How to Make Friends
Do you have any ideas on how to make new friends without stressing out about it?
I understand your predicament. When I was little, my family moved around a lot. By the time I finished high school, I had lived in about eight different homes, so I was forced to learn how to make new friends each time I was uprooted. It was scary having to attend a new school and make new friends so many times, but in the end it made me a stronger, more confident person. It also made me realize that there are good people everywhere I happen to be.
I often talked to my mom when I was feeling nervous about making new friends. She told me that if I wanted to make a friend, I had to be a friend. To me, that meant that I needed to practice being a good friend – being compassionate, kind, forgiving, honest, etc. – which would naturally lead to fresh friendships.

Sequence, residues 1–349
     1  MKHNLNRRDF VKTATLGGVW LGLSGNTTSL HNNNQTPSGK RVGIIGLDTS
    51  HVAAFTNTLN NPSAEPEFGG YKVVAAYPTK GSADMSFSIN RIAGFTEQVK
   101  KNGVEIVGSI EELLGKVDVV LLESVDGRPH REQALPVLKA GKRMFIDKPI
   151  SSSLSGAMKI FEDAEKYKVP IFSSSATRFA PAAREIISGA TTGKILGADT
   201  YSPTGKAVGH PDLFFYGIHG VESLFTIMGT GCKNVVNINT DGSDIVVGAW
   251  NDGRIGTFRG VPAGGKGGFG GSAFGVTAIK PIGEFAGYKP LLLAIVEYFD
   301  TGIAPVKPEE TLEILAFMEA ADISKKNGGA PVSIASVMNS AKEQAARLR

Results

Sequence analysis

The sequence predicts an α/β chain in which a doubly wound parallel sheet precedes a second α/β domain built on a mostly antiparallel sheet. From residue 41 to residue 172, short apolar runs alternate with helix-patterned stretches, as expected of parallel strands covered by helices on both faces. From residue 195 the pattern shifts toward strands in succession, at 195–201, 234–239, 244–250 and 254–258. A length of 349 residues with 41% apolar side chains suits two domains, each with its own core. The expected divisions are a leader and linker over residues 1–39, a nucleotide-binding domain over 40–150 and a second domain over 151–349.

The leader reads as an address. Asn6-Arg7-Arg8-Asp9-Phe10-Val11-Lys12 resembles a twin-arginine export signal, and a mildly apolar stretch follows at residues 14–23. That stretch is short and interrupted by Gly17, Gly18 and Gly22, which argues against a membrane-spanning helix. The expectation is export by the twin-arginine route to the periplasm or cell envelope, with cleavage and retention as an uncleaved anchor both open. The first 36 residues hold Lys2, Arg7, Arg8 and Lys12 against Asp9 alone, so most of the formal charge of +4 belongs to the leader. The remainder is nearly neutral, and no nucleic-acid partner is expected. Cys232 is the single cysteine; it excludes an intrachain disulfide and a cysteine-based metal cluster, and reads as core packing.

My mom's advice echoes Jesus' words from the Sermon on the Mount: "do to others what you would have them do to you" (Matt 7:12 NIV). This Golden Rule is so effective because it forces us to take the focus off ourselves and give to others instead. Selflessness is a key ingredient in any good friendship.
The Message highlights the essential element of humility in friendship in a memorable way: "Love from the center of who you are; don't fake it. Run for dear life from evil; hold on for dear life to good. Be good friends who love deeply; practice playing second fiddle" (Rom 12:9, 10).
So if you're concerned about having good friends or making new ones, you can pray about it and look for opportunities throughout your day to "play second fiddle"—build up others' confidence and lovingly support them.
And rather than trying to fit in to a group, you can look for someone else who needs a friend, someone who could use support. I can guarantee you won't be lonely when you focus on happily giving to others each day.